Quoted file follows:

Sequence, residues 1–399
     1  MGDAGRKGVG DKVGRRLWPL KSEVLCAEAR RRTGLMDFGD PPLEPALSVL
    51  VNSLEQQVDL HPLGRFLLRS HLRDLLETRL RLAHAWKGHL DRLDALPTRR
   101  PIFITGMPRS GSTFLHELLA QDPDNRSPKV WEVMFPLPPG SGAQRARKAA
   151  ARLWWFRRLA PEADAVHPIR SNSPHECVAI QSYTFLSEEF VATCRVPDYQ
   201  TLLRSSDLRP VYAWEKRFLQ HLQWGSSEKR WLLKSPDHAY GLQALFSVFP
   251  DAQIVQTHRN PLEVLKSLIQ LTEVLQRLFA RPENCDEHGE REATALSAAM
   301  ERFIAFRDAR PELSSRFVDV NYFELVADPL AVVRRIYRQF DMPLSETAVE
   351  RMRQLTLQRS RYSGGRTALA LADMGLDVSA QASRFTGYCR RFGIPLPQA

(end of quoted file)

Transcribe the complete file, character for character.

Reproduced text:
Sequence, residues 1–399
     1  MGDAGRKGVG DKVGRRLWPL KSEVLCAEAR RRTGLMDFGD PPLEPALSVL
    51  VNSLEQQVDL HPLGRFLLRS HLRDLLETRL RLAHAWKGHL DRLDALPTRR
   101  PIFITGMPRS GSTFLHELLA QDPDNRSPKV WEVMFPLPPG SGAQRARKAA
   151  ARLWWFRRLA PEADAVHPIR SNSPHECVAI QSYTFLSEEF VATCRVPDYQ
   201  TLLRSSDLRP VYAWEKRFLQ HLQWGSSEKR WLLKSPDHAY GLQALFSVFP
   251  DAQIVQTHRN PLEVLKSLIQ LTEVLQRLFA RPENCDEHGE REATALSAAM
   301  ERFIAFRDAR PELSSRFVDV NYFELVADPL AVVRRIYRQF DMPLSETAVE
   351  RMRQLTLQRS RYSGGRTALA LADMGLDVSA QASRFTGYCR RFGIPLPQA